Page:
In this conflict, what Hezbollah has achieved is not so much a defeat of Israel as a demonstration that destruction in detail is not an inevitable outcome of challenging Israel. Hezbollah has showed that it is possible to fight to a point that Israel prefers a cease-fire and political settlement to a military victory followed by political accommodation. Israel might not have lost any particular battle, and a careful analysis of the outcome could prove its course to be reasonable. But the loss of the sense -- and historical reality -- of the inevitability of Israeli military victory is a far more profound defeat for Israel, as this clears the way for other regional powers to recalculate risks.Friedman supposes that neither Hizballah nor its Syrian and Iranian backers expected such an outcome. The question now, he suggests, is how they will utilize that outcome, having achieved it.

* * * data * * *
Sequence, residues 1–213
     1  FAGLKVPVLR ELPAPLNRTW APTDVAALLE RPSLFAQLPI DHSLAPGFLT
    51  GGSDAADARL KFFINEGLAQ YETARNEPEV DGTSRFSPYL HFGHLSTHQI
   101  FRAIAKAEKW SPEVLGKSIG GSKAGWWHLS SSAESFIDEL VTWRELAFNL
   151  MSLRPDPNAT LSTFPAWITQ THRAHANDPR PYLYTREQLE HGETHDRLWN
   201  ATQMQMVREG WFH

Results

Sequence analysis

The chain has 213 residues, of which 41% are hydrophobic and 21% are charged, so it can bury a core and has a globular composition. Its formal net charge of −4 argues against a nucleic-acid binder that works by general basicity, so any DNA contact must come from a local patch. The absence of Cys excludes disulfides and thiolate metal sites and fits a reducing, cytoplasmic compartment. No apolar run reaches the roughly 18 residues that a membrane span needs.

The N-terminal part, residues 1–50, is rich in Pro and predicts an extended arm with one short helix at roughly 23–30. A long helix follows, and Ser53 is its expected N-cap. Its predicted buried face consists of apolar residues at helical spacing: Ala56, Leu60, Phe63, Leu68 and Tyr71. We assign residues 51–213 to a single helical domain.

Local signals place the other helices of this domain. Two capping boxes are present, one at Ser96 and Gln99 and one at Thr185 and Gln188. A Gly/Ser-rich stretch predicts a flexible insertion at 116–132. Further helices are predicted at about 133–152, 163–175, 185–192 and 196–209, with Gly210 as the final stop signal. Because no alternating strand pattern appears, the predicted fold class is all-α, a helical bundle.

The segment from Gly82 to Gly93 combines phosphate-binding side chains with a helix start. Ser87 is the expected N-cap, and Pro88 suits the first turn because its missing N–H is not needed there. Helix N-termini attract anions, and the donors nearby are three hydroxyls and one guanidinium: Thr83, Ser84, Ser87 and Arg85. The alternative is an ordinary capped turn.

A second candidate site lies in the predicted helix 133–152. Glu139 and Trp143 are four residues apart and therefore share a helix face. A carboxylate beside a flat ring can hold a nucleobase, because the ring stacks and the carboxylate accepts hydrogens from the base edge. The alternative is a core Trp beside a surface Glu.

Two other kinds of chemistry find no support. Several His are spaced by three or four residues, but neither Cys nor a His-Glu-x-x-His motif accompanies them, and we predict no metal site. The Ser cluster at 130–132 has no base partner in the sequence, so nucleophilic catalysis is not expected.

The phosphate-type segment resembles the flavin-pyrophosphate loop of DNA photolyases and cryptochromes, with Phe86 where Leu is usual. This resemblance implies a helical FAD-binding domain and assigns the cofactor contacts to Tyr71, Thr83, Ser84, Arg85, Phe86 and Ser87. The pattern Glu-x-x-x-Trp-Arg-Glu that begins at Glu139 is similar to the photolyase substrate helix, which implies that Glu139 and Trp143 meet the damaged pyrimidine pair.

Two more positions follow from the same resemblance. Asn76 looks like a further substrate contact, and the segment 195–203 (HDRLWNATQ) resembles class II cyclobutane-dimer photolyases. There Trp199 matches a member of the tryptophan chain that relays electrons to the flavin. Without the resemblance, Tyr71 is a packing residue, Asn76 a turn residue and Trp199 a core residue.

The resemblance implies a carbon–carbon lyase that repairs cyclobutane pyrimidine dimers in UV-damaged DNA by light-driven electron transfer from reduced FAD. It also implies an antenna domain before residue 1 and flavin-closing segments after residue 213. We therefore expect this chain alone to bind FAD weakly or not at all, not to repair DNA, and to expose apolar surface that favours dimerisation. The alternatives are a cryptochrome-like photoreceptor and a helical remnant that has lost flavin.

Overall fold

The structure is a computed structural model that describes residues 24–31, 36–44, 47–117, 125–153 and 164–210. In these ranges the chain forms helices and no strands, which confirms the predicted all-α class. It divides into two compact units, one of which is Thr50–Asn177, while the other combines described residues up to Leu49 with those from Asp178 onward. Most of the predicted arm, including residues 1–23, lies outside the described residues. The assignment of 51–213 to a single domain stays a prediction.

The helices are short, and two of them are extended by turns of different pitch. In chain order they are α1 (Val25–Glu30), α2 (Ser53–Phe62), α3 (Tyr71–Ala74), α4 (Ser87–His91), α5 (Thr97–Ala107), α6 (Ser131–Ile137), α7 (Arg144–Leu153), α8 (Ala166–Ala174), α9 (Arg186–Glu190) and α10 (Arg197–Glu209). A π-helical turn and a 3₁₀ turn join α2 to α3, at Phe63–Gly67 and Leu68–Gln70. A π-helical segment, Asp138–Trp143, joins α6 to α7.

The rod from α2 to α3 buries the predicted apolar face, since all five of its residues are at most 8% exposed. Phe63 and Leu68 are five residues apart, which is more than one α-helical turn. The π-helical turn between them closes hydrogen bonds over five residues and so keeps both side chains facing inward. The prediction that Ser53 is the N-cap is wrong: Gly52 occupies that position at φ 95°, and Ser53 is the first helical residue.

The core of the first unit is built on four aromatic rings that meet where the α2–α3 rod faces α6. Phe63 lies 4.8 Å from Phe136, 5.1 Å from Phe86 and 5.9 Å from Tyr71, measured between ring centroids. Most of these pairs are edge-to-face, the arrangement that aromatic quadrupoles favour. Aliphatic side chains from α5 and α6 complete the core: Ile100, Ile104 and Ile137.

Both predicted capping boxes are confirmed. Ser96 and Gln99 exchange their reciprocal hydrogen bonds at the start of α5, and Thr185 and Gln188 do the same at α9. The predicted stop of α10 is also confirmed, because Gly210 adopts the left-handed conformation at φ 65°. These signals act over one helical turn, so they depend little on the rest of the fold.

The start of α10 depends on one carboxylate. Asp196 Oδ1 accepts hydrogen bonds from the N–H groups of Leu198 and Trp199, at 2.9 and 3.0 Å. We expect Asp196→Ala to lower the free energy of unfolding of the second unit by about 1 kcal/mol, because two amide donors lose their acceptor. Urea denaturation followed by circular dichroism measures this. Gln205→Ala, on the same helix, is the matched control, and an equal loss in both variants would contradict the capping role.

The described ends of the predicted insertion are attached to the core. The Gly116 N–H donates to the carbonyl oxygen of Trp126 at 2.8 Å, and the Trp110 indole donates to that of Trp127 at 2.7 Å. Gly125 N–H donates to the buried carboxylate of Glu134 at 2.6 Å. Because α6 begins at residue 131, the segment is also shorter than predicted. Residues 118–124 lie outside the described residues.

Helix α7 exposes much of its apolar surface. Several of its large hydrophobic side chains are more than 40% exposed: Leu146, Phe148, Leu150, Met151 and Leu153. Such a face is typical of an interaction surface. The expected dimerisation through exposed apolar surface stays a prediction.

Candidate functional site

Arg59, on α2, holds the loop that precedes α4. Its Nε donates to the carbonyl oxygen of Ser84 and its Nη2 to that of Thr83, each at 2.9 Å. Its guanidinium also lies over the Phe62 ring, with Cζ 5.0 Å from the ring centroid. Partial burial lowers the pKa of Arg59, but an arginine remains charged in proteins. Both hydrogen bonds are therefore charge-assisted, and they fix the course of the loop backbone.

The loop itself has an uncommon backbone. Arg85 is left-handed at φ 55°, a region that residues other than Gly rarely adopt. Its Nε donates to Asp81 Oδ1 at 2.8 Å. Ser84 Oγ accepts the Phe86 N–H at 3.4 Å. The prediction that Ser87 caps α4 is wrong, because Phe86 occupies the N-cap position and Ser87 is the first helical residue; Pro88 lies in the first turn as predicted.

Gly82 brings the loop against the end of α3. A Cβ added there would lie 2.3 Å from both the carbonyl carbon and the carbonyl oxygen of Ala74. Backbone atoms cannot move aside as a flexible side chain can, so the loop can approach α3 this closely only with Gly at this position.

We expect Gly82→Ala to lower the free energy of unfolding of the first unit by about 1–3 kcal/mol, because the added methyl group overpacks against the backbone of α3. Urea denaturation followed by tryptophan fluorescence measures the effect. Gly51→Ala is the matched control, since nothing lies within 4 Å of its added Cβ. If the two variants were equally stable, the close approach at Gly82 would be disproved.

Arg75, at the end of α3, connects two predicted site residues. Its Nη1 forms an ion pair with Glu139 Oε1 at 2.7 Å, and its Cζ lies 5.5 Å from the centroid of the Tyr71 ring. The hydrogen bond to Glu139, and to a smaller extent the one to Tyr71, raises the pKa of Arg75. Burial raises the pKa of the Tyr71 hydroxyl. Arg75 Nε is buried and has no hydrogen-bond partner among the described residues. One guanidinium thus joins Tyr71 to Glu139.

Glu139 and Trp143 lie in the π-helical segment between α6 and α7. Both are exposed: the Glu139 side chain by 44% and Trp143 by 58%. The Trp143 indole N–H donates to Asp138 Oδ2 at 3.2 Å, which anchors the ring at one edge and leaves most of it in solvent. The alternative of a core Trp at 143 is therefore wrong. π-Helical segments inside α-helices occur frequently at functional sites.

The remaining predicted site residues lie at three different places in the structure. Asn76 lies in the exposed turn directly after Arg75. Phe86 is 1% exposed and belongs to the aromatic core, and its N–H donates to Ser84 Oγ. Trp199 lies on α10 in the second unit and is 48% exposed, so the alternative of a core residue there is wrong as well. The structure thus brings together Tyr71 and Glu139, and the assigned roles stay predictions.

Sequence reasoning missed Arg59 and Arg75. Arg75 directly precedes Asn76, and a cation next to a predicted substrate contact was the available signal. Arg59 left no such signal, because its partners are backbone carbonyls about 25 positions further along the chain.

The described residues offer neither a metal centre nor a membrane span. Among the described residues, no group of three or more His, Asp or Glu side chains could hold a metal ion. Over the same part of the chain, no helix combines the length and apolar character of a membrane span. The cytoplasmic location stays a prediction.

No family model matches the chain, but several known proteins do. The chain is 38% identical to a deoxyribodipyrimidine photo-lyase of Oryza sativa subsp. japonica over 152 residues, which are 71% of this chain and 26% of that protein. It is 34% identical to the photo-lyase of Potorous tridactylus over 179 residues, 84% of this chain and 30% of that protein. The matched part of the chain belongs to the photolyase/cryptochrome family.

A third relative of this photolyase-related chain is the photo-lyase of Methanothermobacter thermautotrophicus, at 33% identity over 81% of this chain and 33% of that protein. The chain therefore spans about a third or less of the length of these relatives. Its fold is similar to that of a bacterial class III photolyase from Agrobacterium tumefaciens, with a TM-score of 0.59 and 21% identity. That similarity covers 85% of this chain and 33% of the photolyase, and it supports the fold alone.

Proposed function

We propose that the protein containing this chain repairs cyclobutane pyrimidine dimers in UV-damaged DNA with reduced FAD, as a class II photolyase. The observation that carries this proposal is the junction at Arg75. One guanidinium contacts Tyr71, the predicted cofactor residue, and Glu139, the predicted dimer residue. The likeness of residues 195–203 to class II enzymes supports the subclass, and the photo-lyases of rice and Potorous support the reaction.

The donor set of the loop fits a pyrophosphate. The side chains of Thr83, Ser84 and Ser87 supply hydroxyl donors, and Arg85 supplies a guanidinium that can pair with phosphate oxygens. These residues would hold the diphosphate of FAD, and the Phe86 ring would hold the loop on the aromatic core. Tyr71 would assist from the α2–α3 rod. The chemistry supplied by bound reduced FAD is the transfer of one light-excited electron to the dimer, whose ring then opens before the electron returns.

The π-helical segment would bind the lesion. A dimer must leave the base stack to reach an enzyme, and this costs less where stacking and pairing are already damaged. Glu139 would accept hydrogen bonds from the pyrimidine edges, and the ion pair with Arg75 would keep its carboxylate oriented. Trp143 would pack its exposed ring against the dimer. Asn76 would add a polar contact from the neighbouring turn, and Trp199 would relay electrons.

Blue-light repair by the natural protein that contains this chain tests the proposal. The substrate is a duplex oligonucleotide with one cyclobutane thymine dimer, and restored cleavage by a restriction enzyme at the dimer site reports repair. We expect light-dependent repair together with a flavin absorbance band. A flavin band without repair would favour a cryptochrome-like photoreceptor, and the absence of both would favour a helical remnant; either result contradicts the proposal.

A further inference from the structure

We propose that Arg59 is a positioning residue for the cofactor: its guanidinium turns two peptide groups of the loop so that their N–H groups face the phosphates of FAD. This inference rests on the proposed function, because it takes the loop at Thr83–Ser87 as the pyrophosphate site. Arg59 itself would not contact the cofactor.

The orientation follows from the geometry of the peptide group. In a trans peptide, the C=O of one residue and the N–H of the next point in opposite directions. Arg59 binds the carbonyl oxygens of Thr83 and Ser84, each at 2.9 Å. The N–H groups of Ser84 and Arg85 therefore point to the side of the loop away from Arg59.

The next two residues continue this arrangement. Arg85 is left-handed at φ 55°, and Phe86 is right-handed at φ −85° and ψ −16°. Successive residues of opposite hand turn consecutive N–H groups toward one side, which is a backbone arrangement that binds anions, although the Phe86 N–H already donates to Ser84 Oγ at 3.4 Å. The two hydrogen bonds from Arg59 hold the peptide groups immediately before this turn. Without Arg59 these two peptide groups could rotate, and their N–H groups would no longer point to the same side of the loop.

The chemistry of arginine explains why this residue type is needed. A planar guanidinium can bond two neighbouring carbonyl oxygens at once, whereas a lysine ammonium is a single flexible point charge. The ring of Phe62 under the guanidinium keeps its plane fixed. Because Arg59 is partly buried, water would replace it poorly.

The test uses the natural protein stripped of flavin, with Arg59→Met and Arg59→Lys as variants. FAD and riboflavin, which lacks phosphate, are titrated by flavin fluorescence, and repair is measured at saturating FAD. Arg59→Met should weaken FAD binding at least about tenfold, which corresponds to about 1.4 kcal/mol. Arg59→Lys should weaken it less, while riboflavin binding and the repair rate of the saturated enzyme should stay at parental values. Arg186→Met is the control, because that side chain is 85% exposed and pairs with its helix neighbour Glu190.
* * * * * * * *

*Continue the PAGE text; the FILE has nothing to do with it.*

Wednesday, August 16, 2006
Breaking the Status Quo
George Friedman, in his latest special report for Stratfor on the Middle East conflict, considers that Israel has lost an important psychological battle in its struggle with Hizballah. While in 1973 Egypt withdrew its forces and accepted the arrangement whereby the Sinai was turned into a buffer zone, and Syria stopped making direct challenges to Israeli power in the region, preferring to seek accommodation with Israel, Hizballah has now broken that status quo: